Right. SO pointing out rent seeking/extraction is clearly totalitarian. Newsflash: the wealthy don't produce the majority of goods and services. They're rent extractors which add costs to your life on a daily basis.

a. To believe this, one must accept that there exists some equation by which the state can fairly and honestly control human exchange. Here we go: increasing taxes to increase programs to increase happiness to allow equality…all of which ends up in dictatorship.

b. There is the adolescent standing aside the street sweeper, who presents himself to government demanding compensation based on his needs, or his goodness, in equality to the physician…urging on him the courage to demand his equal pay! The Leftist has a simple prescription for the inequality of pay…you, the taxpayer, pay him more.

c. Marxism: tax the surgeon more so the good-willed other will feel momentarily better, implementing their vision of a perfect world, a Utopia.
Right, I'm clearly a Marxist. I doubt you even read Das Kapital given your incoherent diatribe.

2. The adolescent, the Marxist, and the Liberal dream of “fairness,” brought about by the state. Silly. This would mean usurping the society decision that the skilled worker is entitled to higher pay than the unskilled. This decision is never pronounced by any authority other than the free market. It was arrived at via the interaction of human beings perfectly capable of ordering their own affairs.
From David Mamet's "The Secret Knowledge," chapter 32
Riiiiight...Because the teacher, plumber, engineer aren't skilled workers. It's the hedge fund manager and other rent extractors that produce nothing who have actual skills. Thanks for the clearing that up!!!! Next you'll be telling me how the rich are "job creators".
 
Last edited:

Sunshine

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I split from some of my conservative friends on this issue.
There is, IMO, no doubting the fact that there is absolutely an earnings inequality in America.
The top 10 wealthiest Americans in 2013 will earn the equivalent of 1.8 million Americans making $60,000 a year. Please note I use $60k earnings.
Worth saying again - 10 people earned more money, than the TOTAL income of 1.8 million people...with full time employment earning about $30 per hour.
That is absurd. It is also inexcusable. It is also anti-free market.
What?? - Anti-free market??? Damn straight. Only in a system that heavily favors investors and conglomerate wealth could any one individual make that kind of money.
In this country we have a very serious problem of wealth concentration. Corporatism in America has successfully taken our system from a Democratic Republic to an oligarchy.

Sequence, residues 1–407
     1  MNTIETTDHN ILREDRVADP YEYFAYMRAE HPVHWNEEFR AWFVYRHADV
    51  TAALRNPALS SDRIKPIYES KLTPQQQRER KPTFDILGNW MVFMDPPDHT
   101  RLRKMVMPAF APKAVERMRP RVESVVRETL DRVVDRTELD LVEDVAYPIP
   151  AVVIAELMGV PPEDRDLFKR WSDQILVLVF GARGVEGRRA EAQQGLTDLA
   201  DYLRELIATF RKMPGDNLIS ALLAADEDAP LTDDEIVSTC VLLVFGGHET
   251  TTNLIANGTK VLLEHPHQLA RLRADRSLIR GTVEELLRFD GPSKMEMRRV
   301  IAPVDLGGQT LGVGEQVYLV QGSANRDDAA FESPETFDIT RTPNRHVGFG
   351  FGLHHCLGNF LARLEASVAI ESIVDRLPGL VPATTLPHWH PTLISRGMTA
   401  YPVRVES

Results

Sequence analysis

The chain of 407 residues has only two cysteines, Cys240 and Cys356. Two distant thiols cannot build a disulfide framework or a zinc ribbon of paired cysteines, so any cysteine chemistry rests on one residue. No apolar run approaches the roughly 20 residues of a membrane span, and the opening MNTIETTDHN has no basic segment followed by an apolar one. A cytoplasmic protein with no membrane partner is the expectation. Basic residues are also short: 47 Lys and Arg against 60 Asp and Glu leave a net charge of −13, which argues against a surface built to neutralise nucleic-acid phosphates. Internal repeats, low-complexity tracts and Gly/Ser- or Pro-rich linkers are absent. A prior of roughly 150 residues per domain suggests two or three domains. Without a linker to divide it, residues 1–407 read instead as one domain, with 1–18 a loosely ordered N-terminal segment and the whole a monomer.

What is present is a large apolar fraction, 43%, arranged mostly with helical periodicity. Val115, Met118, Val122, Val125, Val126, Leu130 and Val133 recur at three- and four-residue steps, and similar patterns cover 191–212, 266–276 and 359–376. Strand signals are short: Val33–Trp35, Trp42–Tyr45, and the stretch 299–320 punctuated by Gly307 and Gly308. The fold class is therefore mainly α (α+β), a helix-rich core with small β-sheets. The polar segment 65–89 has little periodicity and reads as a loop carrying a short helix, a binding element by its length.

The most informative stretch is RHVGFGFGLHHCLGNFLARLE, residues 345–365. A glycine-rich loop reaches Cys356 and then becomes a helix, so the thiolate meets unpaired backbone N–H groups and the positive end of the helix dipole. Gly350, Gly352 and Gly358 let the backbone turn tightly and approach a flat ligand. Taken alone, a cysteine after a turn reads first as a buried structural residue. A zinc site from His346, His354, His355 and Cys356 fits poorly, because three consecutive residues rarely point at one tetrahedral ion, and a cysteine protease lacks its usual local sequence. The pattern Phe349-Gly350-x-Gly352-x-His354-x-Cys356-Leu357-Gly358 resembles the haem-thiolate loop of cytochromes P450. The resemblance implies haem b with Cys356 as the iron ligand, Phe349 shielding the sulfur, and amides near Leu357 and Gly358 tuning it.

You could redistribute every cent of money in this country evenly between every person and the same thing would still happen. The same people would end up with most of the money. It's not hard to see why if one thinks about it.

Whatever you earn, think about where it goes, and who gets it after you.
 

Sunshine

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I have 10 seconds....that should be enough for you to tell me all you know.


"The majority of today's millionaires are self-made and weren't born into their wealth, new research shows."
How Most Millionaires Got Rich


There are 400,000 millionaires in NYC alone.
?Two cities?: Debunking De Blasio | New York Post


The Forbes article was about 400 billionaires.....273 of whom didn't inherit wealth.
Reading isn't your strong suit.


From your link:

The majority of today's millionaires are self-made and weren't born into their wealth, new research shows.

The study by Fidelity Investments found that 86 percent of today's millionaires did not consider themselves wealthy growing up. Overall, the research revealed current millionaires are, on average, 61 years old with $3.05 million in assets.

While nearly three-quarters of millionaires feel rich, those who do not said they would need an average of $5 million of investable assets to begin feeling wealthy.

"Today’s millionaires are multi-dimensional, and to really understand them, you need to look not only at their outlook, but also at their path to wealth and their financial goals for the future," said Sanjiv Mirchandani, president of National Financial, a Fidelity Investments company.

Of those who are self-made millionaires, the study revealed their top sources of assets included investments/capital appreciation, compensation and employee stock options/profit-sharing. Those who were born wealthy were more likely to cite inheritance, entrepreneurship and real estate investment appreciation as an asset source.

When it comes to investment strategies, those who are self-made millionaires were more likely to add equity investments, while those who were born wealthy typically had more real estate investments.

The research shows that when considering their financial future, 30 percent of today's millionaires were concerned with preserving their wealth, while 20 percent were focused on growing their fortune.

[The Best Age to Become a Boss]

This year’s study found that millionaires' outlook of the future financial environment continues to improve, with their optimism reaching the highest level since the survey’s inception in 2006.